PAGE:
- See the story of Diederik Stapel for an example of how violating this principle can lead to major problems.
2 - The Scientific Method
Bacon is considered by many to be the father of empiricism and the scientific method. In fact, the scientific method was known for a while as the Baconian Method. He published this method in his seminal work, the Novum Organum Scientiarum in 1620.
The Scientific Process
The scientific method follows a particular process, or series of steps:
(1) Observe something in the world
(2) Generate a hypothesis about the state of nature that could give rise to our observation
(3) Generate a prediction about what else one should observe if our hypothesis is true of nature
(4) Test your prediction empirically
(5) Evaluate the results of your test
(6) Go back to your original hypothesis, refine or modify it, and proceed through the steps again
3 - Types of Research
Scientific research generally falls into to methodological groups: correlational and experimental:
Correlational methods are those in which we observe two or more variables as they occur naturally, to determine the relationship (if any) between them. Correlation does not imply causation between the variables measured (though it is possible that two correlated variables are causally linked). This limitation is due to the possibility of spurious correlation.
- Variable: any characteristic or condition that can take on different values for different individuals or observations
- Spurious correlation: an unmeasured or unseen variable may be causally linked to the variables we measure and create the appearance of a direct relationship between our measured variables, even though there isn't one in reality; also known as confounding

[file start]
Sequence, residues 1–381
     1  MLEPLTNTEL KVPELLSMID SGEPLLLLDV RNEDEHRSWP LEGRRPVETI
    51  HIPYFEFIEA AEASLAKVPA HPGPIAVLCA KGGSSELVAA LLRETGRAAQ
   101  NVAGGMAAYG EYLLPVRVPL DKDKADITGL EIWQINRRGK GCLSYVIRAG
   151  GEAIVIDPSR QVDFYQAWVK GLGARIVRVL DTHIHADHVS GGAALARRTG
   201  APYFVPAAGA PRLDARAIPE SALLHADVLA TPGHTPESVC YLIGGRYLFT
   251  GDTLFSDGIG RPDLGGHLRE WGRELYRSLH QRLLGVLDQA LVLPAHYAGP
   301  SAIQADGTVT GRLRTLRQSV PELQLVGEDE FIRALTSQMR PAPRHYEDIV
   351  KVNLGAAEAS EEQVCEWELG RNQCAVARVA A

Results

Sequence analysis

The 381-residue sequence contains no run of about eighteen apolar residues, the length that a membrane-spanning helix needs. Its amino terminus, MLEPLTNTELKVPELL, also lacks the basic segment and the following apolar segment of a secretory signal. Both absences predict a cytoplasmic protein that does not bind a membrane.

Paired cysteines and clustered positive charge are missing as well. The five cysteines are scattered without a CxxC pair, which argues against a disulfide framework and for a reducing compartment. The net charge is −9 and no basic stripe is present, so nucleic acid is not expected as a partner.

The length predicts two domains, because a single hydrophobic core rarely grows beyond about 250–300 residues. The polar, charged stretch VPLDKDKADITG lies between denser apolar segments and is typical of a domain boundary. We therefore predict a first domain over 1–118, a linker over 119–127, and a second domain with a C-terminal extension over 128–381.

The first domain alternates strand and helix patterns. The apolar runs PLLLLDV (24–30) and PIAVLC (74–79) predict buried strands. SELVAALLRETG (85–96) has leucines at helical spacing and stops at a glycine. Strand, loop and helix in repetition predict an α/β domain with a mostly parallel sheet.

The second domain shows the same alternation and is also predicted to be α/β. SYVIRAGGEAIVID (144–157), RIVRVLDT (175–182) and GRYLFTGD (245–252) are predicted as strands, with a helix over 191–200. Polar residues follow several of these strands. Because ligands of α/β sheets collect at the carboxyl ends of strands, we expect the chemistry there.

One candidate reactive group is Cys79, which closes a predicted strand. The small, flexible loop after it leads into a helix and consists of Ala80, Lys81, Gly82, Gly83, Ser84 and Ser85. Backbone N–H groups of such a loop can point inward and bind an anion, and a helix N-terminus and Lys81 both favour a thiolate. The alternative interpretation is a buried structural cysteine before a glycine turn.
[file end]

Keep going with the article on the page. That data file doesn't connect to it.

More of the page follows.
- A grim example of spurious correlation: Data has shown that as ice cream sales increase, murder rates go up. Does this mean that more ice cream causes more murders? Of course not; it is more plausible that warmer temperatures result in more people eating ice cream, and also result in more people being out and about in public, able to be murdered.
When it is crucially important to establish a causal relationship between two or more variables, we must do an experiment. Experiments have two main characteristics:
(1) The experimenter manipulates an independent variable to see the effect on a dependent variable; notion often attributed to John Stuart Mill
- Independent Variable: The variable that is manipulated or changed by the experimenter; different types of changes or conditions that the experimenter composes are called levels
- Dependent Variable: The variable that is measured in the experiment
(2) Extraneous variables are controlled (or held constant) across all levels of the independent variable
- Extraneous variable: variable that has some relationship with the dependent variable, but are not of interest in the experiment
- We control for extraneous variables through random assignment
- We must watch out for particular extraneous variables, called confounding variables: variables that correlate with both the independent and dependent variables